The most straightforward way to implement an event-driven approach is by using webhooks. In this pattern, you register a remotely hosted REST API function with the target eventing system. The eventing system then calls your API endpoint whenever it receives a new message that requires processing. Simple and done.

Serverless functions on cloud providers like AWS offer a variation on this webhook pattern. In AWS, for example, you can use features such as Amazon SQS or Amazon EventBridge to run AWS Lambda functions in response to queue messages or CloudWatch events. However, as we’ve discussed before, serverless functions can be hard to monitor at scale.

You can also implement event-driven data pipelines through polling - i.e., running code that periodically checks (every few seconds, minutes, hours, etc.) an external resource such as a topic of queue. In this case, the pipeline is more of a “scheduled-event” design pattern.

Event-driven data pipelines with Prefect

Over time, scheduled and event-driven data pipelines can become a significant and vital part of your overall application architecture. However, monitoring them across your entire infrastructure can be painful, especially as your systems grow.

You may also run into issues scaling your pipelines. Traditional tools such as Airflow hit hard limits as your pipelines grow in complexity and start to resemble full-blown data engineering stacks in their own right. This lack of scaling can lead to processing delays that undermine the need for fast, near-real-time processing in event-driven data architectures.

Prefect is a workflow observability platform that supports scheduled and event-driven data pipelines at any scale. Prefect’s webhooks support means that event-driven workflows are a first-class concept. Prefect can efficiently scale your infrastructure where it actually runs by taking advantage of serverless and auto-scaling cloud infrastructure.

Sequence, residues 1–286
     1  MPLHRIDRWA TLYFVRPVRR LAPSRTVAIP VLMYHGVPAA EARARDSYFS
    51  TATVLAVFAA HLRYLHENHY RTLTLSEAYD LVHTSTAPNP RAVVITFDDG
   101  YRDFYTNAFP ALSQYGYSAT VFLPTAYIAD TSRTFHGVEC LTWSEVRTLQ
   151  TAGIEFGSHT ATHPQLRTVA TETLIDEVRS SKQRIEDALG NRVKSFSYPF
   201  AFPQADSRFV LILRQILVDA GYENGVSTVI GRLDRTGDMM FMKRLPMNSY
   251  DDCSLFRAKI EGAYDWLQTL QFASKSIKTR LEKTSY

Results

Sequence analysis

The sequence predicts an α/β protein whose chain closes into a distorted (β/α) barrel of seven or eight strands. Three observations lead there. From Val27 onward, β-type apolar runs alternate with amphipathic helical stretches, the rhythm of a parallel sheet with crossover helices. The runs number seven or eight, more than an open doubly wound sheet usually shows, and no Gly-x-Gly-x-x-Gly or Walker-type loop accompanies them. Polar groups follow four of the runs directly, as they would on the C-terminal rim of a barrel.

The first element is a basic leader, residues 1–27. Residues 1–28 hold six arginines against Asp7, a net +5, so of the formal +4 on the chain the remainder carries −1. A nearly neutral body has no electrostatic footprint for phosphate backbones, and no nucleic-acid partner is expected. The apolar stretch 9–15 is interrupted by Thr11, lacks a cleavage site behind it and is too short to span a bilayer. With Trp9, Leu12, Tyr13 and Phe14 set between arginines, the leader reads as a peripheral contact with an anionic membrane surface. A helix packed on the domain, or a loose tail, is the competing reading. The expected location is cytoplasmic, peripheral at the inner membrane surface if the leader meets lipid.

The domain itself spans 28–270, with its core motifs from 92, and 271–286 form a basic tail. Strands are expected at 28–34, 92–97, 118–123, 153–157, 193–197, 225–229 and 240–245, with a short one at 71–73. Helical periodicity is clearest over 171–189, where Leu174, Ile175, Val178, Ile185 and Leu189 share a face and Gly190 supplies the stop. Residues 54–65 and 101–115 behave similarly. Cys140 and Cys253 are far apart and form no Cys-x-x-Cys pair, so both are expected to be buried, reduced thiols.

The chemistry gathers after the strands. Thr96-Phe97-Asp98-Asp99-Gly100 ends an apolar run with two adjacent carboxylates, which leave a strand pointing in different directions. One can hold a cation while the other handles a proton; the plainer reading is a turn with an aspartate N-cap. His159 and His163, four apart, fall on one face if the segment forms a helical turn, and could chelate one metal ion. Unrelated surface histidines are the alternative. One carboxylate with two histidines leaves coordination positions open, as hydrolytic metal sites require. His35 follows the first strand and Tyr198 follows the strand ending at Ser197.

Getting started with event-driven data pipelines on Prefect

You can implement an event-driven data pipeline on Prefect in just a few steps. First, you create a webhook. The screenshot below shows how you’d define a webhook in Prefect. Once defined, Prefect will supply a URL you can register in your external system - e.g., as an Httpsink in Confluent:

Prefect supports Jinja templates so that you can transform the JSON payload from Amazon SNS into any format you need. In this case, we use a pass-through command to send our job the raw JSON data.

You would then create an SNS topic and subscribe your HTTPS endpoint to it. You can then send messages to your SNS queue, which will be sent directly to the Prefect webhook:

Next, you would define a Prefect flow that implements the processing logic. (In a real-world example, this is also where you would implement automatic subscription confirmation logic for the SNS topic.) After performing its work and making a decision, the workflow would send a notification back to the application via a mechanism such as a queue message, SNS notification, or direct API call.

2def process_request():
3    do_work()
5if __name__ == "__main__":
6    process_request.serve(name="process-request-deployment")

After deploying our flow, we can select a sample event from our Event Feed and use the Automate command to create a trigger and select the deployment to invoke.

For a full example of creating an event-driven pipeline using Kafka topics and the Confluent Httpsink connector, see Event-Driven Flows with Prefect.

Final thoughts

Both scheduled and event-driven data pipelines play important roles in a scalable data-driven ecosystem. Using Prefect, you can create, manage, and scale both types of pipelines across your entire infrastructure from a single, centralized location.

To try it out yourself, sign up for a free Prefect account and create your first workflow.